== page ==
Take the 2-minute tour ×
Stack Overflow is a question and answer site for professional and enthusiast programmers. It's 100% free, no registration required.

I'm having trouble with drawing some lines that are stroked with a color and then filling their insides (they make a polygon) with another one.

UIColor *houseBorderColor = [UIColor colorWithRed:(170/255.0) green:(138/255.0) blue:(99/255.0) alpha:1];
CGContextSetStrokeColorWithColor(context, houseBorderColor.CGColor);
CGContextSetLineWidth(context, 3);

// Draw the polygon
CGContextMoveToPoint(context, 20, viewHeight-19.5);
CGContextAddLineToPoint(context, 200, viewHeight-19.5); // base
CGContextAddLineToPoint(context, 300, viewHeight-119.5); // right border
CGContextAddLineToPoint(context, 120, viewHeight-119.5);
CGContextAddLineToPoint(context, 20, viewHeight-19.5);

// Fill it
CGContextSetRGBFillColor(context, (248/255.0), (222/255.0), (173/255.0), 1);

// Stroke it

With the CGContextStrokePath commented out, I get this result:

enter image description here

But if I uncomment CGContextStrokePath and fill out the polygon, the color overflows the strokes:

enter image description here

How do you achieve a result like this (without having to redo the whole drawing procedure twice):

enter image description here

share|improve this question

3 Answers 3

up vote 6 down vote accepted

You can use

CGContextDrawPath(context, kCGPathFillStroke);

instead of


The problem is that both CGContextFillPath() and CGContextStrokePath(context) clear the current path, so that only the first operation succeeds, and the second operation draws nothing. CGContextDrawPath() combines fill and stroke without clearing the path in between.

share|improve this answer
I don't want to sound demanding, but could you possibly elaborate to make a complete answer, because I don't quite get where should the CGContextDrawPath() should go? –  Morgan Wilde May 9 '13 at 13:26
Sorry, the answer was so short because I am on the phone :-) That call replaces both the CGContextFillPath and ...StrokePath. –  Martin R May 9 '13 at 13:30
This is the best solution in this case. –  alastair May 9 '13 at 13:31
@alastair agreed, thanks @MartinR! –  Morgan Wilde May 9 '13 at 13:37

Using UIBezierPath you could do this:

UIBezierPath *path = [[UIBezierPath alloc] init];
[path moveToPoint:CGPointMake(20, viewHeight-19.5)];
[path addLineToPoint:CGPointMake(200, viewHeight-19.5)];
[path addLineToPoint:CGPointMake(300, viewHeight-119.5)];
[path addLineToPoint:CGPointMake(120, viewHeight-119.5)];
[path addLineToPoint:CGPointMake(20, viewHeight-19.5)];

[[UIColor colorWithRed:(248/255.0) green:(222/255.0) blue:(173/255.0) alpha:1.0] setFill];
[path fill];
[[UIColor colorWithRed:(170/255.0) green:(138/255.0) blue:(99/255.0) alpha:1.0] setStroke];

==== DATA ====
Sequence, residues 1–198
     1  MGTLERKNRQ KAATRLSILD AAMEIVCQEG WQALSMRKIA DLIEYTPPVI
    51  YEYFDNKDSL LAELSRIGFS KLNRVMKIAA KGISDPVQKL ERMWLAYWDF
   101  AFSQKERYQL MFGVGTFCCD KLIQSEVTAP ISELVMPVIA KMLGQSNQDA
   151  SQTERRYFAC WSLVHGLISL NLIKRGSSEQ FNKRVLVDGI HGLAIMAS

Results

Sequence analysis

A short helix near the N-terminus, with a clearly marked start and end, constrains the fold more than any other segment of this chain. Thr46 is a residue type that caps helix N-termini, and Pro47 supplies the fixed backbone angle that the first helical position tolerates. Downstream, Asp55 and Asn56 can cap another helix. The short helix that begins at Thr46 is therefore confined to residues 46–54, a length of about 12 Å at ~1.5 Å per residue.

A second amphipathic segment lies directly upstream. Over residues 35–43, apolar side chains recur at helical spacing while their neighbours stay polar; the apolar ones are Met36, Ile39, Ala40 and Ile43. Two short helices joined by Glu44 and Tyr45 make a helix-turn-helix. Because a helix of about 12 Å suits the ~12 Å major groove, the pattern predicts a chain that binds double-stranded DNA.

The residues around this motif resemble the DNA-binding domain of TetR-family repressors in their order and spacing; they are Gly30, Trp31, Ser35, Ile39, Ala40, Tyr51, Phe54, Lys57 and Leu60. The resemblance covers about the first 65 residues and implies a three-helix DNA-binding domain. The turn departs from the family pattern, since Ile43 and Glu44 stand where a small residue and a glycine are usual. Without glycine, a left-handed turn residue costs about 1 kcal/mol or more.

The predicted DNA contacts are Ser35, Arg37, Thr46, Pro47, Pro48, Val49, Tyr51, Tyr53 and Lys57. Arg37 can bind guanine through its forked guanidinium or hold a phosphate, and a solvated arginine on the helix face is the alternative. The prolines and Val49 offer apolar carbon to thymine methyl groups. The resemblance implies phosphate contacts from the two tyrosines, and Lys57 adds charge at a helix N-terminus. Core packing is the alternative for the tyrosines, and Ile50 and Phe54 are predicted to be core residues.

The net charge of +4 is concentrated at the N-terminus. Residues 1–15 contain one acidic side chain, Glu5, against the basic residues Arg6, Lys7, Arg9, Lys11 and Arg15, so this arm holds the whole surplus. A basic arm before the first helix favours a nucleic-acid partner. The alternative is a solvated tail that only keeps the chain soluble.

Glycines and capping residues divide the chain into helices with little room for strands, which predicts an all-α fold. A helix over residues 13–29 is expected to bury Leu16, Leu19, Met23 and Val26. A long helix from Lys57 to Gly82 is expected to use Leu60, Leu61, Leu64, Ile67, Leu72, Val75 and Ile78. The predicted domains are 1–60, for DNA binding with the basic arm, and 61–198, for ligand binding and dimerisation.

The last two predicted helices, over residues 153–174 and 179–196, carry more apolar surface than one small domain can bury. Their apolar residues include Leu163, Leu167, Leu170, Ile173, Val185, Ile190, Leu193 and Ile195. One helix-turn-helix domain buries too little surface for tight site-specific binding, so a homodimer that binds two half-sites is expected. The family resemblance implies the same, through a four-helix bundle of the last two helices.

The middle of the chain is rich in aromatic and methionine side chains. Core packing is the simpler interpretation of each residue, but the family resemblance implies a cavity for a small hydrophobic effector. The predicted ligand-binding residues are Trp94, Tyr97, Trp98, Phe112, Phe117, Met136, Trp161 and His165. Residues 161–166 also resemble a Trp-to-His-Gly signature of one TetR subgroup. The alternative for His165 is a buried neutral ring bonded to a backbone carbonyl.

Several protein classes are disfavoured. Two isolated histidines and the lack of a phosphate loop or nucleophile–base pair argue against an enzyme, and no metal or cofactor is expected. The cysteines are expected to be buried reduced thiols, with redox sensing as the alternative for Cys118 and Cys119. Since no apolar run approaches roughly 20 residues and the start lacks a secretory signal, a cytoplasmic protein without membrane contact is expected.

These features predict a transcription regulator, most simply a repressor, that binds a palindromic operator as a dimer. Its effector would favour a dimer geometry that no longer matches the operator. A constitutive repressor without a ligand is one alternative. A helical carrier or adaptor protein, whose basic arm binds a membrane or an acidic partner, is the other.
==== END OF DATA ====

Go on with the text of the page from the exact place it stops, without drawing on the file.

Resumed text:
[path stroke];
share|improve this answer
I know of UIBezierPath only from Apples examples, does it have any benefits as opposed to CGContext method outlaid in my question? @MikePollard –  Morgan Wilde May 9 '13 at 13:37
I think just all the usual advantages of using NSObjects rather than Core Foundation objects. –  Mike Pollard May 9 '13 at 14:20

When you stroke or fill the path in the context, the context removes the path for you (it expects that it's work is done). You must add the path again if you want to fill it after stroking it.

It's probably best to create a CGPathRef path local variable, build the path, add it, stroke, add it again, fill.

CGMutablePathRef path = CGPathCreateMutable();
CGPathMoveToPoint(path, nil, 20, viewHeight-19.5);
CGPathAddLineToPoint(path nil, 200, viewHeight-19.5); // base
CGPathAddLineToPoint(path nil, 300, viewHeight-119.5); // right border
CGPathAddLineToPoint(path nil, 120, viewHeight-119.5);
CGPathAddLineToPoint(path nil, 20, viewHeight-19.5);

CGContextAddPath(context, path);

// possibly modify the path here if you need to

CGContextAddPath(context, path);
share|improve this answer
Could you elaborate on the path creation using the code I provided? –  Morgan Wilde May 9 '13 at 13:16
You'd use the CGPath API rather than CGContext to create the path. However, in this instance, you should probably use CGContextDrawPath(), as the problem you’re having is indeed that the path is removed from the context by the CGContextFillPath() (and so you are stroking an empty path, which is why nothing happens). –  alastair May 9 '13 at 13:33
I really appreciate you taking the time to explain this concept, this makes everything much clearer with regards to CGContext! Thanks! –  Morgan Wilde May 9 '13 at 13:38

Your Answer


By posting your answer, you agree to the privacy policy and terms of service.

Not the answer you're looking for? Browse other questions tagged or ask your own question.